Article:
Upon completion of this offering, we will report under the Exchange Act as a non-U.S. company with foreign private issuer status. Even after we no longer qualify as an emerging growth company, as long as we qualify as a foreign private issuer under the Exchange Act we will be exempt from certain provisions of the Exchange Act that are applicable to U.S. domestic public companies, including:

the sections of the Exchange Act regulating the solicitation of proxies, consents or authorizations in respect of a security registered under the Exchange Act;

the sections of the Exchange Act requiring insiders to file public reports of their share ownership and trading activities and liability for insiders who profit from trades made in a short period of time; and

the rules under the Exchange Act requiring the filing with the SEC of quarterly reports on Form 10-Q containing unaudited financial and other specific information, or current reports on Form 8-K, upon the occurrence of specified significant events.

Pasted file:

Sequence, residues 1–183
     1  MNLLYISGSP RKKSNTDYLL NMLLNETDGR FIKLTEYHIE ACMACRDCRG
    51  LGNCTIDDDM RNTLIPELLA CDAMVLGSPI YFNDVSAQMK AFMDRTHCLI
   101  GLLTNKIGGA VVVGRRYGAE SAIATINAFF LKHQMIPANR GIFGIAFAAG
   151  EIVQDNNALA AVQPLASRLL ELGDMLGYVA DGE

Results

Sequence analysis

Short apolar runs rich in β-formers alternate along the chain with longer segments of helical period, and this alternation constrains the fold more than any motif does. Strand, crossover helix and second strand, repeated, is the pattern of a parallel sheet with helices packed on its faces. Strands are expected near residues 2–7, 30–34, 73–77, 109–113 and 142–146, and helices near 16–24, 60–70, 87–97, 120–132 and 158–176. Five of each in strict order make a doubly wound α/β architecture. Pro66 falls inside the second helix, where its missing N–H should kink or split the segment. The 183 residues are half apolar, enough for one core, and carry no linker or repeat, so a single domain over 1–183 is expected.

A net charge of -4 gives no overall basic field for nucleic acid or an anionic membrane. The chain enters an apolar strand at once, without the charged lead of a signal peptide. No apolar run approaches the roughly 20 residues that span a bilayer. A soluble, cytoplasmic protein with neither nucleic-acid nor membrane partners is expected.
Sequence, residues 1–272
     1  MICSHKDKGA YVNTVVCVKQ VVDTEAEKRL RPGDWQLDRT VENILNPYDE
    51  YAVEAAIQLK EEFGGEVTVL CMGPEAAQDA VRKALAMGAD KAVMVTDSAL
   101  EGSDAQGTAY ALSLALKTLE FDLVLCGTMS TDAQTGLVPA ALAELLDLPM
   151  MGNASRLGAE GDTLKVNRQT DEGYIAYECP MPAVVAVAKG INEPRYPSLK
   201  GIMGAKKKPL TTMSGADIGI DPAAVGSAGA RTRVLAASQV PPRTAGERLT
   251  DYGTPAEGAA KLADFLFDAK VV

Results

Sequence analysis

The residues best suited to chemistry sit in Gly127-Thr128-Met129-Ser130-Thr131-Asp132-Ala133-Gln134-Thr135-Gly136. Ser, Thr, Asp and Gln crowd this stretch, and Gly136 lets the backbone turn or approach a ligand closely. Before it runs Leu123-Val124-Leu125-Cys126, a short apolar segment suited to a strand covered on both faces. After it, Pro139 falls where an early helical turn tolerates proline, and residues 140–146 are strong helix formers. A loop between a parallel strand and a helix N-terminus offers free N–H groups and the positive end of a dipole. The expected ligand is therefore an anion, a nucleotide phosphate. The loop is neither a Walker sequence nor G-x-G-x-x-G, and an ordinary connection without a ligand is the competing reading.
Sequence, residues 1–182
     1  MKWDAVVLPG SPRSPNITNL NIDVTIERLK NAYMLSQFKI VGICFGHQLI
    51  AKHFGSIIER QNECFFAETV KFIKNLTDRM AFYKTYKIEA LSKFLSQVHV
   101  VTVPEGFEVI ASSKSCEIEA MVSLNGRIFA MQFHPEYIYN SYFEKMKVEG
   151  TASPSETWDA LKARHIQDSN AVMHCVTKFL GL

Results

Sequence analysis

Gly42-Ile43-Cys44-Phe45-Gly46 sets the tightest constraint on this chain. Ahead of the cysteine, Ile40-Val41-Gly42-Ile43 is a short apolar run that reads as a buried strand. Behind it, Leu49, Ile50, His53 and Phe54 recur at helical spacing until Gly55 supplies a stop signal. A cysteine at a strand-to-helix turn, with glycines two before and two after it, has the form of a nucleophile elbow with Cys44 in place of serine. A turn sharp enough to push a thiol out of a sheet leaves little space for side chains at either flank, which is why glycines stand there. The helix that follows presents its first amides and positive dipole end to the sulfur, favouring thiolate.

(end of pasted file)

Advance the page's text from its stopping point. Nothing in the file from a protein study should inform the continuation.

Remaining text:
Both foreign private issuers and emerging growth companies are also exempt from certain more stringent executive compensation disclosure rules. Thus, even if we no longer qualify as an emerging growth company, but remain a foreign private issuer, we will continue to be exempt from the more stringent compensation disclosures required of companies that are neither an emerging growth company nor a foreign private issuer.
 
14

 
The Offering
Ordinary shares offered by us
2,627,061 ordinary shares
Ordinary shares offered by the Selling Shareholders
2,180,461 ordinary shares
Ordinary shares to be outstanding after this offering
24,623,291 ordinary shares (24,983,855 ordinary shares if the underwriters exercise their option to purchase additional ordinary shares from us in full)
Option to purchase additional shares
We and the Selling Shareholders have granted the underwriters an option to purchase up to 360,564 additional ordinary shares from us and up to 360,564 additional ordinary shares from the Selling Shareholders within 30 days of the date of this prospectus.